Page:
Where’s the map view for my calendar?

Over the holidays, after the deadline for online shipment had passed, I scampered about buying gifts in the real world. Department store staff, clueless bag-laden tourists, hateful too-loud Christmas tunes — it was all misery. But one particular misery seemed avoidable to me: there was no easy way to have a consolidated view of my schedule of shopping stops overlaid on a map. In other words, why if all my calendar events have a place associated with them could I not have a map view of my schedule?

Google has my calendar and obviously they have maps, so where’s the love? Likewise my iPhone. Of course, an app developer has thought of this. Sorta. Arrive will take your calendar events and give you the one-click ability to view an event individually on a map (assuming you’ve loaded anything into the location field.) But one-at-a-time viewing of events on a map really prevents the kind of route optimization that I envision.

The other instance where such a feature would be useful is when traveling — that is, when physical location and distance are less known to the person. It’s hard to plan a day when you don’t know where things are. It was in this situation last week in DC that I tweeted my dismay that such a feature or app did not exist.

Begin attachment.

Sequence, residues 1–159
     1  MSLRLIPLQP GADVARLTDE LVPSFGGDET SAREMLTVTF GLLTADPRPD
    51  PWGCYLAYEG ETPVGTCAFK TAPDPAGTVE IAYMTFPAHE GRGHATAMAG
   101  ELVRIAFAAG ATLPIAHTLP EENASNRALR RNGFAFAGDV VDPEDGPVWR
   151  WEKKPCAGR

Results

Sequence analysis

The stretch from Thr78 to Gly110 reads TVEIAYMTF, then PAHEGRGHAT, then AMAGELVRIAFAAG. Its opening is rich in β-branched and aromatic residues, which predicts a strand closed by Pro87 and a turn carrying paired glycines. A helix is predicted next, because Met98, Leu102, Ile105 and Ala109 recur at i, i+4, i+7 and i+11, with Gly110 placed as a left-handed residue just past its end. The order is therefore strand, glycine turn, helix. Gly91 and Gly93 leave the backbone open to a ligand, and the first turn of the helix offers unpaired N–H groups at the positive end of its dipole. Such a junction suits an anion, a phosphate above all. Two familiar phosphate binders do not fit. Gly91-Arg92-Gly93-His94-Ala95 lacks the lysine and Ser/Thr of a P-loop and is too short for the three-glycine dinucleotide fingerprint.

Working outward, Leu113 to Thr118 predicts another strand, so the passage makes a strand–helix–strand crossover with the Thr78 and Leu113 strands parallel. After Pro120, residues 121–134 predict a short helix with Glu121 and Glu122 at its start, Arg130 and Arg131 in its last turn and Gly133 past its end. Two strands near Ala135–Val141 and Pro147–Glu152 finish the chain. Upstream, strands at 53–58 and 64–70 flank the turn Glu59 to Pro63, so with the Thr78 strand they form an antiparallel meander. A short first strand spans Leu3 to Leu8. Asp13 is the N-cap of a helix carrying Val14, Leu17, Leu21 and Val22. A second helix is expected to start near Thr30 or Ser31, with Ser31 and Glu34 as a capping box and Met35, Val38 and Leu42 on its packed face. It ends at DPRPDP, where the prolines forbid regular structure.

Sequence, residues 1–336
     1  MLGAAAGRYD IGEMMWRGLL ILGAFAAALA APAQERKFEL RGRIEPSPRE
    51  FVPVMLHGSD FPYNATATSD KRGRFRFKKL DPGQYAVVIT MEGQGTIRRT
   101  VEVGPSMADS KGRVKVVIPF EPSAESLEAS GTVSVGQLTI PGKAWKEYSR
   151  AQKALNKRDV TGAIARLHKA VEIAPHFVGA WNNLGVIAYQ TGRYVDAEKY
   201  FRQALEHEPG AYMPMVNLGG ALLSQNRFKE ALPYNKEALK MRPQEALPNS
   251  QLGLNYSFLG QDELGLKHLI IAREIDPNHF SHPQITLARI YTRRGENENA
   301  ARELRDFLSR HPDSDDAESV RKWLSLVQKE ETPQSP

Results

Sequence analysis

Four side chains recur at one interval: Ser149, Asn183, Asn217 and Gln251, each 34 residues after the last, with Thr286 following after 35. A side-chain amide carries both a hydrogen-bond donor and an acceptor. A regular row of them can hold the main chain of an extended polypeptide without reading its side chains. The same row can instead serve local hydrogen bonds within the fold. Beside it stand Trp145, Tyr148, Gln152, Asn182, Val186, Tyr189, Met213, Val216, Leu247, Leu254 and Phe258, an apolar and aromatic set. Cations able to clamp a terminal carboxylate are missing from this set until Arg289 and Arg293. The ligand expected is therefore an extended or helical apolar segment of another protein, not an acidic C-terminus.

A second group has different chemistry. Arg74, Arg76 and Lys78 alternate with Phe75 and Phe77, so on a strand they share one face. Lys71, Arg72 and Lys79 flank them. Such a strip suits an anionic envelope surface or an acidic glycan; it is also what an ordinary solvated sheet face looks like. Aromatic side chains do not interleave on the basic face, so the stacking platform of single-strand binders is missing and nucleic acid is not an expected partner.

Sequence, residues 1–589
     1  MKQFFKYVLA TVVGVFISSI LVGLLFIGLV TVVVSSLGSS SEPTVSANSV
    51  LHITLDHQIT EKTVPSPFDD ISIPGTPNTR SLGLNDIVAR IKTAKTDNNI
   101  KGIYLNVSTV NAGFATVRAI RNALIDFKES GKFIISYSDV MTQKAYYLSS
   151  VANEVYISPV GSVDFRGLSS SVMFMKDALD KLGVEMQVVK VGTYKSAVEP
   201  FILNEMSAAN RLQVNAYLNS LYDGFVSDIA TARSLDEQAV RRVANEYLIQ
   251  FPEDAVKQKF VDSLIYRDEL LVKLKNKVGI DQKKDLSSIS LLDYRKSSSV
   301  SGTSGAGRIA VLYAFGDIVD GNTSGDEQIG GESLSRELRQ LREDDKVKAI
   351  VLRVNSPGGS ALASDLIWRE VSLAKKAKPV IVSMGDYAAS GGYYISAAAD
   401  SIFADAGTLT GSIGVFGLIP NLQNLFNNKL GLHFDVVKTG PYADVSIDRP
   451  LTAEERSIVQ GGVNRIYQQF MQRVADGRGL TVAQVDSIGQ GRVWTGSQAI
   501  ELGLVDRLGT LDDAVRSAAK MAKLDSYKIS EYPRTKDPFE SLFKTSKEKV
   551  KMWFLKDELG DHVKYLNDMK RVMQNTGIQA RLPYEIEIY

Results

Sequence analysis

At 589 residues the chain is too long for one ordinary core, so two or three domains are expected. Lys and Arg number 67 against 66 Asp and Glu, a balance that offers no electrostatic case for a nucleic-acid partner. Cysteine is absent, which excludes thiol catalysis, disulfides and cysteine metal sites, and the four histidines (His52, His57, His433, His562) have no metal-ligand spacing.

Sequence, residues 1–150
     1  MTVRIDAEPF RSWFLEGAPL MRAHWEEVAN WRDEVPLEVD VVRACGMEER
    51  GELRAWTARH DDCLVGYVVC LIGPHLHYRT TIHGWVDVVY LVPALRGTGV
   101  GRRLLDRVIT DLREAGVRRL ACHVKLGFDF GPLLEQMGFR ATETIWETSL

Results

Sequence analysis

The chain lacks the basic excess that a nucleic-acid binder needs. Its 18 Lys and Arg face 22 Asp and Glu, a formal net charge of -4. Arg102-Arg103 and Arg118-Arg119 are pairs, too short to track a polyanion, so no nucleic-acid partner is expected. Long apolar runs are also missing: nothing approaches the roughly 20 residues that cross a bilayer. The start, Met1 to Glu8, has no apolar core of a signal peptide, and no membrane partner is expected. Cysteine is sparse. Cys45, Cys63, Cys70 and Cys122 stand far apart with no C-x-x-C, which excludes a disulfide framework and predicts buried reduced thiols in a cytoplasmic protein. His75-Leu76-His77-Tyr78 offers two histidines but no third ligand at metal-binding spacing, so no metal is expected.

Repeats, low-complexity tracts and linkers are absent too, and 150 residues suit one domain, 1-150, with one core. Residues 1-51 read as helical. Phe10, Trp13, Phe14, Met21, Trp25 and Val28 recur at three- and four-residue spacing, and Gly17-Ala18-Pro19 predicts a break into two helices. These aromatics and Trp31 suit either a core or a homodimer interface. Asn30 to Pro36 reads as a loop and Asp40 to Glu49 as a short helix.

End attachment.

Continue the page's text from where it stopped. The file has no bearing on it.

Map View for Calendar

So I mocked something up. Really it is just a mashup of the iPhone calendar and map views, but the power of such a feature comes from the route suggestion and ways of filtering. Certainly one should be able to filter by calendar (i.e., show me only work items) or by time (i.e. constrain to 1-4pm today). The more powerful direction would be to constrain a time period’s locations to essentially rearrange your appointments within a given physical radius.

The most powerful function — one that already exists, just not in an integrated way — is to have the system optimize your route for you, suggesting potential reschedules or changes of venue to best fit a day together. Obviously there’s optimization that could happen to reduce transit time, but you could imagine forcing it to show you routes that were most or least walkable (ala Walkscore) or, as Google just recently added, routes that use public transit but minimize your time waiting outside.

The real power here would come from being able to add calendar events directly from the map view — and vice versa. Ideally there’d be no switching out to either standalone app. Or, it could be just another view in the calendar itself: day, week, month, list, map.

Ultimately this is a very specific example of how application developers use old, often physical organizational metaphors (calendars, maps) that silo activities rather than working across data to get at what people are trying to accomplish in the first place. And it isn’t just application developers. Substitute product designers, architects, urban planners, or just about any other design profession and you’ll be able to think of similar instances.

OK, then. Time to build this.

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